From 2013-2015, Haines was the Deputy Director of the Central Intelligence Agency; she was the first woman to hold both of these positions. Avril began her service in the Obama administration in 2010 as the NSC Legal Advisor.
From 2007-2008, Haines served as Deputy Chief Counsel to the Senate Foreign Relations Committee while President-elect Biden served as chairman. Haines has led the Transition’s National Security and Foreign Policy Team since its founding in June 2020.
Prior to that time, she served in various roles including Senior Research Scholar at Columbia University; a Senior Fellow at the Johns Hopkins University Applied Physics Laboratory; and a member of the National Commission on Military, National, and Public Service. Haines received her bachelor’s degree in physics from the University of Chicago and a law degree from Georgetown University Law Center.
LINDA THOMAS-GREENFIELD, US AMBASSADOR TO THE UNITED NATIONS
“On this day, I’m thinking about the American people, my fellow career diplomats and public servants around the world. I want to say to you: America is back. Multilateralism is back. Diplomacy is back.”
Retired Ambassador Linda Thomas-Greenfield, a career diplomat, is returning to public service after retiring from a 35-year career with the U.S. Foreign Service in 2017.
From 2013 to 2017 she served as the Assistant Secretary for the Bureau of African Affairs, where she led the bureau focused on the development and management of U.S. policy toward sub-Saharan Africa. Prior to this appointment, she served as Director General of the Foreign Service and Director of Human Resources (2012-2013), leading a team in charge of the State Department’s 70,000-strong workforce.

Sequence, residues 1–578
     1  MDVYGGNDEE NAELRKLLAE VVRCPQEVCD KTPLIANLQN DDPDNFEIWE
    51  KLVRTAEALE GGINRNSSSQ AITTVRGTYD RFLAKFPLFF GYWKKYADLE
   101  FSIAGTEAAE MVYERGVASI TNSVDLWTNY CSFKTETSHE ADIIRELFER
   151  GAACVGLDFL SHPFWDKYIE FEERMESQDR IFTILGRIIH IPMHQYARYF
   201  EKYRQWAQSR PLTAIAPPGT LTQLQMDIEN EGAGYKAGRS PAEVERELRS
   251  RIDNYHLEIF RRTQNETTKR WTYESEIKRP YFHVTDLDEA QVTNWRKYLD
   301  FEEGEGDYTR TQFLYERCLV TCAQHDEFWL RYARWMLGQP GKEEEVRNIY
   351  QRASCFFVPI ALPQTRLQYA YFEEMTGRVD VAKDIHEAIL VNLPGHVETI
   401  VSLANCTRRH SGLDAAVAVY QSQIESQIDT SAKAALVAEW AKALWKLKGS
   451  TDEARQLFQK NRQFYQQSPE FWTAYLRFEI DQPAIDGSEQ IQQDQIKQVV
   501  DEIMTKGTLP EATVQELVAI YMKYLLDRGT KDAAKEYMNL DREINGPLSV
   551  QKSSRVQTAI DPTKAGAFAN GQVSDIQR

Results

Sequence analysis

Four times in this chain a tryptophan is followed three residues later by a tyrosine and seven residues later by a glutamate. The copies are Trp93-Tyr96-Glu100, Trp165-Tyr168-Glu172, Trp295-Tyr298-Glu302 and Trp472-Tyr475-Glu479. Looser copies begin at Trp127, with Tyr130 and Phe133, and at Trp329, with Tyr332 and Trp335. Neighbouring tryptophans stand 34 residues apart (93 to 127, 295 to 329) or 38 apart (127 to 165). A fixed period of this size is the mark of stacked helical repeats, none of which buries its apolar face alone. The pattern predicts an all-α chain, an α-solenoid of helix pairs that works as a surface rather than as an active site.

Ambassador Thomas-Greenfield’s distinguished Foreign Service career includes an ambassadorship to Liberia (2008-2012), and postings in Switzerland (at the U.S. Mission to the United Nations), Pakistan, Kenya, The Gambia, Nigeria, and Jamaica. In Washington, she served as Principal Deputy Assistant Secretary of the Bureau of African Affairs (2006-2008), and as Deputy Assistant Secretary of the Bureau of Population, Refugees and Migration (2004-2006).
Since 2017, Ambassador Thomas-Greenfield has led the Africa Practice at Albright Stonebridge Group, a strategic commercial diplomacy firm chaired by former Secretary of State Madeleine Albright.
She was also the inaugural Distinguished Resident Fellow in African Studies at the Institute for the Study of Diplomacy from fall 2017 to spring 2019. She joined ISD in spring 2017 as a Senior State Department Fellow.
Ambassador Thomas-Greenfield earned a B.A. from Louisiana State University and a M.A. from the University of Wisconsin, where she worked towards a PhD. She received an honorary Doctor of Law degree from the University of Wisconsin in May 2018.
JAKE SULLIVAN, NATIONAL SECURITY ADVISOR
“We will be vigilant in the face of enduring threats, from nuclear weapons to terrorism. But you have also tasked us with reimagining our national security for the unprecedented combination of crises we face at home and abroad. The pandemic, the economic crisis, the climate crisis, technological disruption, threats to democracy, racial injustice and inequality in all forms. The work of the team behind me today will contribute to progress across all these fronts.”